This report is primarily concerned with limiting the width of cracks in structural members that occur principally from restraint of thermal contraction. A detailed discussion of the effects of heat generation and volume changes on the design and behavior of mass reinforced concrete elements and structures is presented. It is written primarily to provide guidance for the selection of concrete materials, mix requirements, reinforcement requirements and construction procedures necessary to control the size and spacing of cracks. Particular emphasis is placed on the effect of restraint to volume change in both preventing and causing cracking and the need for controlling peak concrete temperature. The quality of concrete for resistance to weathering is not emphasized in recommending reduced cements contents; however, it should be understood that the concrete should be sufficiently durable to resist expected service conditions. The report can be applied to any concrete structure with a potential for unacceptable cracking; however, its general application is to massive concrete members 18 in. or more in thickness.
Scope and objective This report presents a discussion of special construction procedures which can be used to control the temperature changes which occur in concrete structures. The principal construction practices covered are precooling of materials, postcooling of in-place concrete by embedded pipes, and surface insulation. Other design and construction practices, including the selection of cementing materials, aggregates, chemical admixtures, cement content, and strength requirements are not within the scope of this report. The objective of this report is to summarize experiences with cooling and insulating systems, and to offer guidance on the selection and application of these procedures in design and construction for controlling thermal cracking in all types of concrete structures.
This report outlines the causes, control, maintenance, and repair of erosion in hydraulic structures. Such erosion occurs from three major causes: caviration, abrasion, and chemical attack. Design parameters, materials selection and quality, environmental factors, and other issues affecting the performance of concrete are discussed. Evidence exists to suggest that given the operating characteristics and conditions to which a hydraulic structure will be subjected, it can be designed to mitigate future erosion of the concrete. However, operational factors change or are not clearly known and hence erosion of concrete surfaces occurs and repairs must follow. This report briefly treats the subject of concrete erosion and repair and provides numerous references to detailed treatment of the subject.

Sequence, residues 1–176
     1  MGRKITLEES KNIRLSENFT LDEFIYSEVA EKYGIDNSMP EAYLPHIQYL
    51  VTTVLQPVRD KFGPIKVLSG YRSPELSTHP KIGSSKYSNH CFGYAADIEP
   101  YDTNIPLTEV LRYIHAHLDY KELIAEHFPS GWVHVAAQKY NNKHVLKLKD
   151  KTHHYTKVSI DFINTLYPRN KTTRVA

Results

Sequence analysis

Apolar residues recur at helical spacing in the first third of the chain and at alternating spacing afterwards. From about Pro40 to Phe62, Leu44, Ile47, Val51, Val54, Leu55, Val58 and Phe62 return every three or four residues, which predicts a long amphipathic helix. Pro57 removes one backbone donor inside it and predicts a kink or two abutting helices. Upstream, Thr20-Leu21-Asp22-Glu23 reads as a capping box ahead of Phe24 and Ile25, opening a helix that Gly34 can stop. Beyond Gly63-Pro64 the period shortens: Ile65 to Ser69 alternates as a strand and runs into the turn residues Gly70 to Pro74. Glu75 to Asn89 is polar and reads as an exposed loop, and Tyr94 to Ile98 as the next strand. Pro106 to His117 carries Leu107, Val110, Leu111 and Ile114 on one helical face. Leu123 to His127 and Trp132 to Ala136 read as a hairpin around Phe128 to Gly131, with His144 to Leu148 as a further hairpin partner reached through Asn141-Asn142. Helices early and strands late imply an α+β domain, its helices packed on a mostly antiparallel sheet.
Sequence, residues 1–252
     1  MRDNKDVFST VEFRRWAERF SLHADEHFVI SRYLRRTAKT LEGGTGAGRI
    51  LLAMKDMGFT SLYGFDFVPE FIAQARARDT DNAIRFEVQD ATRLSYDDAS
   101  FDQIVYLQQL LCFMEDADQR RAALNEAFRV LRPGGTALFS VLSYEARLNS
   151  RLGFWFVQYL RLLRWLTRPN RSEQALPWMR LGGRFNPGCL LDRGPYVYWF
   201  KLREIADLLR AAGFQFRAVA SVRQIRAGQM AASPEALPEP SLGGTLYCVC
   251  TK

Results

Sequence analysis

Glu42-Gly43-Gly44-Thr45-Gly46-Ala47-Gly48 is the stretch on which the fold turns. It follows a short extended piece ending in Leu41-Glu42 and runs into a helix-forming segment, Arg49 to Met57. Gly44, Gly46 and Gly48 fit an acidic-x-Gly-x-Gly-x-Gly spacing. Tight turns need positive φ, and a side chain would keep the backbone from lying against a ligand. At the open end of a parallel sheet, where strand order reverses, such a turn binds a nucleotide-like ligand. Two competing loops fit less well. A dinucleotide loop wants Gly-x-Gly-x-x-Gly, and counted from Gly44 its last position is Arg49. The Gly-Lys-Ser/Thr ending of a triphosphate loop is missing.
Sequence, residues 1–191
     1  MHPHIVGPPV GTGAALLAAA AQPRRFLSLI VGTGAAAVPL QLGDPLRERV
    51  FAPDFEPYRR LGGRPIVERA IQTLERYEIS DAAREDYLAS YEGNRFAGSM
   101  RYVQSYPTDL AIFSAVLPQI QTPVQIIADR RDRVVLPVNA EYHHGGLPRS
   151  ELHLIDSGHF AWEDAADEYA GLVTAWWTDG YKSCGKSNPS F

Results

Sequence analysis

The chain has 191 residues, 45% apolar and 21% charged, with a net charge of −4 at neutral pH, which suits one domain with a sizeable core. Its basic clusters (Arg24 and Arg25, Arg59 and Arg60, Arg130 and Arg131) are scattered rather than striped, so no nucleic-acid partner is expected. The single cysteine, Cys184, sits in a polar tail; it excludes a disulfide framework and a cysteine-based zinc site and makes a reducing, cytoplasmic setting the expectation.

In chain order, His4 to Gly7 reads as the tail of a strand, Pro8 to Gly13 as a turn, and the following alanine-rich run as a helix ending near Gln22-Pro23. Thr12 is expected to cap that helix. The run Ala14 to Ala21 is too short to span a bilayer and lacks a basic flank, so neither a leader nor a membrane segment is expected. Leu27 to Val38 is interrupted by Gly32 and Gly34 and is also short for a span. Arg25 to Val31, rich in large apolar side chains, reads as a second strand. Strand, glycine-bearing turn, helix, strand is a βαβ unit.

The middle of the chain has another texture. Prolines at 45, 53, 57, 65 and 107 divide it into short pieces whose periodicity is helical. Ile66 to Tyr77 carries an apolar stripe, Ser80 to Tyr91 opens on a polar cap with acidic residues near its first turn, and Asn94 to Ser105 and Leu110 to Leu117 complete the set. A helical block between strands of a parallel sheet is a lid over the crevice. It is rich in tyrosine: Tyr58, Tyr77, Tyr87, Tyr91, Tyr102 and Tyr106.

This Standard Practice describes methods for selecting proportions for hydraulic cement concrete made with and without other cementitious materials and chemical admixtures. This concrete consists of normal and/or high density aggregates (as distinguished from lightweight aggregates) with a workability suitable for usual cast-in-place construction (as distinguished from special mixtures for concrete products manufacture). Also included is a description of methods used for selecting proportions for mass concrete. Hydraulic cements referred to in this Standard Practice are portland cement (ASTM C 150) and blended cement (ASTM C 595). The Standard does not include proportioning with condensed silica fume. The methods provide a first approximation of proportions intended to be checked by trial batches in the laboratory or field and adjusted, as necessary, to produce the desired characteristics of the concrete. U.S. customary units are used in the main body of the text. Adaption for the metric system is provided in Appendix 1 and demonstrated in an example problem in Appendix 2. Test methods mentioned in the text are listed in Appendix 3.
Purpose The purpose of this standard is to provide generally applicable methods for selecting and adjusting mixture proportions for structural lightweight concrete. These methods are also applicable to concretes containing a combination of lightweight and normal weight aggregate. Discussion in this standard is limited to structural grade, lightweight aggregates, and structural lightweight aggregate concretes. Structural lightweight aggregate concrete is defined as concrete which: (a) is made with lightweight aggregates conforming to ASTM C330. (b) has a compressive strength in excess of 2500 psi at 28 days of age when tested in accordance with methods stated in ASTM C330, and (c) has an air dry weight not exceeding 115 lb/ft(3) as determined by ASTM C567. Concrete in which a portion of the lightweight aggregate is replaced by normal weight aggregate is within the scope of this standard. When normal weight fine aggregate is used, it should conform to the requirements of ASTM C33. The use of pozzolanic and chemical admixtures is not covered in this standard.